HONG KONG (Reuters) – Profits at roughly a quarter of Chinese companies in a Reuters analysis were too low in the first half of this year to cover their debt servicing obligations, as earnings languish and loan burdens increase.
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- 1 HONG KONG (Reuters) – Profits at roughly a quarter of Chinese companies in a Reuters analysis were too low in the first half of this year to cover their debt servicing obligations, as earnings languish and loan burdens increase.
Corporate China sits on $18 trillion (14.07 trillion pounds) in debt, equivalent to about 169 percent of China’s GDP, but few firms reported feeling the heat. Instead, lenders are heeding Beijing’s call to support the real economy and so are rolling over company debt or granting repayment waivers, sometimes for years, specialist lawyers and investors said. This is evidence that China may be in for a long period of Japan-like stagnation rather than a single event triggering a crisis – what some economists call a “Lehman moment” after the collapse of Lehman Brothers in 2008, which touched off the global financial crisis.
“They are kicking the can down the road for stability in the short term,” said Roland Mieth, Singapore-based emerging markets portfolio manager for U.S. fund manager PIMCO. “China can maintain status quo for many years to come, like Japan did with their leverage, without triggering a financial crisis.”
International institutions have warned China to stop financing weak firms, especially inefficient state-owned enterprises (SOEs), which tend to crowd out the private sector. More defaults are needed, they say, to improve credit allocation and stop wasteful spending in the economy.
But while China has recognised the need to wean its corporate sector off of cheap loans, Premier Li Keqiang has also promised credit would keep growing, and state-run banks have been urged to support small and medium enterprises (SMEs). And banks are listening, say lawyers and investors, with companies given three or four years of grace, when they do not pay interest, or helped to restructure bonds at full value, essentially, rolling them over.
“Premier Li has asked banks to rollover loans, especially for SMEs. That’s a clear reason why bond defaults are coming down,” said brokerage CLSA’s head of China strategy, Francis Cheung.
“(Banks) have shifted focus from bad debt recognition to economy-supporting measures. Banks are giving more grace period and reporting more stable NPLs (non-performing loans), even after guiding earlier that these ratios will rise.”
Goldman Sachs estimated last week there was only one default in the domestic Chinese bond market in the past three months, compared with at least 10 in the first half of the year. Of course, onshore defaults could and will still rise – rating agency S&P Global says the credit quality of about 240 Chinese companies it rates is deteriorating more quickly than at any time since 2009. The muted default situation “is an aberration given the sharp deterioration in credit risks,” it said in a research note. According to Reuters data analysis, profit in the first half of 2016 fell a median 0.8 percent for 527 mainland listed firms and grew just 0.3 percent for a group of 93 Hong Kong-listed Chinese companies. Overall debt levels for both are at record highs. For the 93 of Hong Kong’s largest Chinese companies with listings stretching back to 2011, their ability to repay debt with current profits has only been lower once in the last five years. Almost half have operating profit less than three times their interest payments – heading towards an unhealthy balance. One quarter do not make enough to cover their interest costs, the analysis shows.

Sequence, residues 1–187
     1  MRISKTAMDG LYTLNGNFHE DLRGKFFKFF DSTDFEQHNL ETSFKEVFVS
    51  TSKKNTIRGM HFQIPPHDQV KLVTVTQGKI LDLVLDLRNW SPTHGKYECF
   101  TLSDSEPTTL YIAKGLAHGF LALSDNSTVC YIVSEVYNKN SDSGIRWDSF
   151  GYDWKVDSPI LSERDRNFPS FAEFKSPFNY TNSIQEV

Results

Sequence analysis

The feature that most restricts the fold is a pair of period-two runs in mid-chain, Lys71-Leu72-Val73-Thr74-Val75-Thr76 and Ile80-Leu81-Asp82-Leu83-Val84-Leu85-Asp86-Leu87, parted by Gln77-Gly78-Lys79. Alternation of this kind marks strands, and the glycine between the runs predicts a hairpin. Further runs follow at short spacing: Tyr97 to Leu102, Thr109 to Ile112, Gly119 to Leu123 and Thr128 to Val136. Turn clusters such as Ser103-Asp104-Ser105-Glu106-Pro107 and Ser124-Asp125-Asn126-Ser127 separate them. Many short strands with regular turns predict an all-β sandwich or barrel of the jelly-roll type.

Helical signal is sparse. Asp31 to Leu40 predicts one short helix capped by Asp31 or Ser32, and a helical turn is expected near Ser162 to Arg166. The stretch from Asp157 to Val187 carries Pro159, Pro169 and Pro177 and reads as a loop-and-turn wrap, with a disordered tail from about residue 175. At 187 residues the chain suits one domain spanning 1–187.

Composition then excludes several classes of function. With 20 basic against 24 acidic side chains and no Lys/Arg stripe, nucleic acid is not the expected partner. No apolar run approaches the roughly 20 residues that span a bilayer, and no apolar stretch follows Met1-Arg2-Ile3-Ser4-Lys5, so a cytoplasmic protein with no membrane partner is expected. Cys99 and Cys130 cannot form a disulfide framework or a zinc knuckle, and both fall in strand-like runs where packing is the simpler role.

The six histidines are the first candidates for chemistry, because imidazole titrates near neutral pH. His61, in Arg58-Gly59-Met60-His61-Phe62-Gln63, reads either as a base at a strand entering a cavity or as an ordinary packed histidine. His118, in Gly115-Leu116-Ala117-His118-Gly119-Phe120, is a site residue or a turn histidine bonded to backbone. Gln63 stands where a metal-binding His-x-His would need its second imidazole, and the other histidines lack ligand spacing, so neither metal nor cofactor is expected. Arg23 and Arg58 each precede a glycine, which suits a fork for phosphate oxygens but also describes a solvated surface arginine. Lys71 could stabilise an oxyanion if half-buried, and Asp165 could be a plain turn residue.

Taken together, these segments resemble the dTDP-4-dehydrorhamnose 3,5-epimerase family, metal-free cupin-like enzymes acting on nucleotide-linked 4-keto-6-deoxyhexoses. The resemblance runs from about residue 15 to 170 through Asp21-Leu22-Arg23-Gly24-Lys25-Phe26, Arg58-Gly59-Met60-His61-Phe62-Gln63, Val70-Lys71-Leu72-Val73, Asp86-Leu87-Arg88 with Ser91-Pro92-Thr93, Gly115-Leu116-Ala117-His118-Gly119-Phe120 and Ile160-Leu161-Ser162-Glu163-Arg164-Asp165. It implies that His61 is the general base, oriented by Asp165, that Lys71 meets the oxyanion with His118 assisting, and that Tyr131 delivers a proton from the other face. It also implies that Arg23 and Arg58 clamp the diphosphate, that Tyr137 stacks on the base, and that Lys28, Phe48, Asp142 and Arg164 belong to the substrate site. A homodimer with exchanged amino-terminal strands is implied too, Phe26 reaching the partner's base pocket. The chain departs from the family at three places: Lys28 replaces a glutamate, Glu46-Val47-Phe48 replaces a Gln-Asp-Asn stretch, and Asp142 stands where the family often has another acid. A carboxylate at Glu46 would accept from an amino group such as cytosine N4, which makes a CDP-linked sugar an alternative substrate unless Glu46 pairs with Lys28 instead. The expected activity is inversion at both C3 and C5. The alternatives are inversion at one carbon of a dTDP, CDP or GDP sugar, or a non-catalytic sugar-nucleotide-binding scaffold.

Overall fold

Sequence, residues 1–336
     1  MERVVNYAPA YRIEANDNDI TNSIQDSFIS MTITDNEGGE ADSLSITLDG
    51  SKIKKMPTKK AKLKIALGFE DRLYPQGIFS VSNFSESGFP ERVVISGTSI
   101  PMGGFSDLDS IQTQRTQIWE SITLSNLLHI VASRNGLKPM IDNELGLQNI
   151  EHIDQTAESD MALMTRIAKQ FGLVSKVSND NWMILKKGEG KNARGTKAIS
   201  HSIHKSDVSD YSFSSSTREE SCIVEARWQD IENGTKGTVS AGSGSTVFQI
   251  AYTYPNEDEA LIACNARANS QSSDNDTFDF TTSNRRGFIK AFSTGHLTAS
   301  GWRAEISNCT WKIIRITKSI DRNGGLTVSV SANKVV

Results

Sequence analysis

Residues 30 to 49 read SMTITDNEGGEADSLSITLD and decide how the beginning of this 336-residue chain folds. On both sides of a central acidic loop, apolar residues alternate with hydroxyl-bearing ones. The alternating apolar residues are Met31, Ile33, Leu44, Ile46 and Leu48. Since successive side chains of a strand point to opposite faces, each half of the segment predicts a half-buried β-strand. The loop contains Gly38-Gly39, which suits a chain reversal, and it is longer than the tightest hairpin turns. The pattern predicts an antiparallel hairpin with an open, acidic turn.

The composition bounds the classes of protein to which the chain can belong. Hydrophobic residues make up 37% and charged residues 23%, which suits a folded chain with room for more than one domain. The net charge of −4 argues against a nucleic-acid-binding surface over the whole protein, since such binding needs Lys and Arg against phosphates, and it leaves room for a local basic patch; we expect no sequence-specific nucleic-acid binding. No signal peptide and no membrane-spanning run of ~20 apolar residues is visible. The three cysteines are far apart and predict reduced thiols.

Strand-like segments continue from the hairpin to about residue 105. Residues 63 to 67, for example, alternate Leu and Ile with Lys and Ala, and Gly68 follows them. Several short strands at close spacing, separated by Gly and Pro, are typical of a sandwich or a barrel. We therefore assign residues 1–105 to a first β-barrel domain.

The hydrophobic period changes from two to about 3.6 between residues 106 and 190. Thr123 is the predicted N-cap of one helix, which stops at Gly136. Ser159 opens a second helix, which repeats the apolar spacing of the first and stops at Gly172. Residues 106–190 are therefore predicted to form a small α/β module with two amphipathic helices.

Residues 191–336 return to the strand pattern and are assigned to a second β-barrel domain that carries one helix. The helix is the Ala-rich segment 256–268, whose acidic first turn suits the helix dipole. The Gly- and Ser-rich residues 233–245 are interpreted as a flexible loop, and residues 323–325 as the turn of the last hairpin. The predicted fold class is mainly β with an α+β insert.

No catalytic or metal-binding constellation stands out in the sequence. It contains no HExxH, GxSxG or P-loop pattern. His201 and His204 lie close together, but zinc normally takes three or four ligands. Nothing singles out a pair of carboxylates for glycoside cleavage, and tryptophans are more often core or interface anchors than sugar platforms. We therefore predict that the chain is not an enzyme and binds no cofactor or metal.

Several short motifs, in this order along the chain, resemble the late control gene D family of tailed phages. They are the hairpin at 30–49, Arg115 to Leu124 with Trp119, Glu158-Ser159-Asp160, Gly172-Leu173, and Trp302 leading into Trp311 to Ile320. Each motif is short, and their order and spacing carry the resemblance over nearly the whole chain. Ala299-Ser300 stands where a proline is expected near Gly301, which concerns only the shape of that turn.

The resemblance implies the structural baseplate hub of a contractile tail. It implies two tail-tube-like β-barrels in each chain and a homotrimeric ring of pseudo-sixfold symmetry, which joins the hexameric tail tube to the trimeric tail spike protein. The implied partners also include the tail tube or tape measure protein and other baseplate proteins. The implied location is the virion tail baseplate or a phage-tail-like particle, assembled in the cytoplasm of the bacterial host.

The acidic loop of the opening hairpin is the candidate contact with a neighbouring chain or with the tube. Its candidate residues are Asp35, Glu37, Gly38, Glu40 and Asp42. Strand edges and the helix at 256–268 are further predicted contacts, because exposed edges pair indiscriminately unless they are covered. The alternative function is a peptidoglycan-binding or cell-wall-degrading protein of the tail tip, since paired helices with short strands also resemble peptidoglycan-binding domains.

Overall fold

HOUSE OF DEBT
The impact of growing debt has been, for many, lower profitability and less long-term investment. Increasingly, debt is being used to pay back other debt and not to fund growth. Debt is also growing – the China Beige Book reported the highest number of firms in three years took loans in the third quarter. Already, profitability, as measured by return on equity (ROE), is the lowest in at least five years for the 93 Hong Kong-listed companies surveyed by Reuters, standing at 7.32 percent. For 527 mainland listed companies, the median ROE stands at 5.07 percent, also the lowest in at least five years. Analysts generally consider a healthy ROE to be 15-20 percent. But while many companies reported they were repaying debt, some already deeply indebted groups said they had little trouble accessing more loans, especially for acquisitions overseas.
“We don’t have this problem,” said an executive in the company secretary’s office at Shanghai-listed Jinggong Steel. “We can just apply for super-short financing from Chinese banks, we are not anxious.”
At one large, state-owned Hong Kong-listed developer, whose profits no longer cover its interest cost, an official said the outlook was still positive for loans, though it was becoming tougher to raise capital through bonds.
“There’s a lot of liquidity in the market and the interest rate is low – even for perpetual securities the interest rate is low if you repay within five years. Borrowing from banks has not been a problem,” the official said. “Being an SOE also helps.”
By Umesh Desai
(Additional reporting by Clara Ferreira Marques in SINGAPORE, Clare Jim in HONG KONG, Tripti Kalro in BANGALORE and Shanghai Newsroom: Editing by Neil Fullick)